“A pilot study of CRISPR efficacy in rice was successful with a knockout of two closely linked genes. In contrast, the homologous CRISPR experiment in wheat did not lead to any mutations,” declares Dr. Luo. “In contrast, using TALEN in wheat yielded results.
“While CRISPR works in rice and barley, CRISPR editing in wheat has not worked in our hands. We conclude that employing TALENs as a gene-editing tool in wheat is more efficient than CRISPR.”
One drawback to the CRISPR/Cas9 system in plants concerns off-target effects. To assess these effects in plants, whole genome sequencing is the current gold standard.
“Recent work in the model organism Arabidopsis, shows that the CRISPR/Cas9 system correctly targets the desired loci in plant genomes,” states Cara Soyars, University of North Carolina doctoral candidate. “This finding contrasts with off-target CRISPR effects in animals where off-target effects are a serious concern. Extrapolating this to other genera of plants, we postulate that modifications to the Cas9 protein to increase specificity of the binding site is not necessary in plants.”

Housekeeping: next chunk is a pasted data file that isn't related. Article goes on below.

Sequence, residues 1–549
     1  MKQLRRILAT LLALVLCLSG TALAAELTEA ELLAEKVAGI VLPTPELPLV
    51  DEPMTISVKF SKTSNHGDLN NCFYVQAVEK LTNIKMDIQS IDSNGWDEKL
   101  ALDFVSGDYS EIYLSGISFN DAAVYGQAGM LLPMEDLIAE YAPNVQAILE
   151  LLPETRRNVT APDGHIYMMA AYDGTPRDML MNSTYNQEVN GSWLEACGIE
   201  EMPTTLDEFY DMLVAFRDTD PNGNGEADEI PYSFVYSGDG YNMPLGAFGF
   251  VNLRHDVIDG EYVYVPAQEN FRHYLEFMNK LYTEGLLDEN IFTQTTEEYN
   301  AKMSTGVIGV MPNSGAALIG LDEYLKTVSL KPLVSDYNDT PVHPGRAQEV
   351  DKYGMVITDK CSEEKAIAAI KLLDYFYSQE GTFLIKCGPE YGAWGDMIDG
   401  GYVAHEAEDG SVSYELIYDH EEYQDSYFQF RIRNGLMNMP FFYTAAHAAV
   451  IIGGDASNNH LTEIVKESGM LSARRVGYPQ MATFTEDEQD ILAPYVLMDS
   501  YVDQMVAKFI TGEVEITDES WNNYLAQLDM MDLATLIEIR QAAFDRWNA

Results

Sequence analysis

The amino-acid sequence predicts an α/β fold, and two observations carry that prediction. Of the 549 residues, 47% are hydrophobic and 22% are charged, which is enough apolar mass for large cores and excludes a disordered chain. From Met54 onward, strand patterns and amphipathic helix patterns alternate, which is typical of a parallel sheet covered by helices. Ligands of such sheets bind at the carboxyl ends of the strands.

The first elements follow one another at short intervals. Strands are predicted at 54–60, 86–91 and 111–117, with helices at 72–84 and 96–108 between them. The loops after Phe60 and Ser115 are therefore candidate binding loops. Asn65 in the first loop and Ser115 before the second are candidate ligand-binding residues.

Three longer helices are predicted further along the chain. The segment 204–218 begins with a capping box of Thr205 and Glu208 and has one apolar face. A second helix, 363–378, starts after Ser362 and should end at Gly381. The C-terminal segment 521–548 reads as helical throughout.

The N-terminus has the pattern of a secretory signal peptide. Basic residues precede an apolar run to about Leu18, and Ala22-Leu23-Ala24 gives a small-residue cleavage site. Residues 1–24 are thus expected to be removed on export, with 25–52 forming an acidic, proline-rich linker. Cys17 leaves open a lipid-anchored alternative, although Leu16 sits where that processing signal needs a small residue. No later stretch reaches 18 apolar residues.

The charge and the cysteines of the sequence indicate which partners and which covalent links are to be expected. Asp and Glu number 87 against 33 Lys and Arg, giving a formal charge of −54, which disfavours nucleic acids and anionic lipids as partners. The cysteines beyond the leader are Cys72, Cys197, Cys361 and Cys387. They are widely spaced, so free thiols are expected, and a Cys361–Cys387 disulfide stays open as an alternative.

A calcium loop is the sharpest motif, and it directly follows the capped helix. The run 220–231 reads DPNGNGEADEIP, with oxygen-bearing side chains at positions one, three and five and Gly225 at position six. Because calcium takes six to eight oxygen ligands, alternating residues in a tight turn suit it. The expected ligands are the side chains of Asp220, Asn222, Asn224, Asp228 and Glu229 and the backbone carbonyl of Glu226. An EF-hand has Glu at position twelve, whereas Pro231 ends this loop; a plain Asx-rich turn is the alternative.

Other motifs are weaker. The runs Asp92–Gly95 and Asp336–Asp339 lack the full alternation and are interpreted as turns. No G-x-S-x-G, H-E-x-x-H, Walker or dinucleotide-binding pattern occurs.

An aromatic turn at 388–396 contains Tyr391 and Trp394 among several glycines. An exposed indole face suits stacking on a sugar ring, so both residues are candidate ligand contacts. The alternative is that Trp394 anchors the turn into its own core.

“Plant genomes have many redundant genes. Hence, to effectively knockout a particular pathway of interest, many genes need to be knocked out,” continues Soyars. “Our lab, the Zachary Nimchuk lab, has developed a system that allows entire families of genes to be targeted in one experiment. While the system is predicted to increase the risk of off-target effects, we have shown with whole genome sequencing that there are very few or no off-target effects in Arabidopsis.
“One of our studies necessitated the targeting of 14 genomic loci at once. Using the multiplexed CRISPR/Cas9 system, we had a 33–92% success rate. Whole genome sequencing also revealed that chromosomal translocation events are extremely rare after genome manipulation in Arabidopsis via CRISPR/Cas9.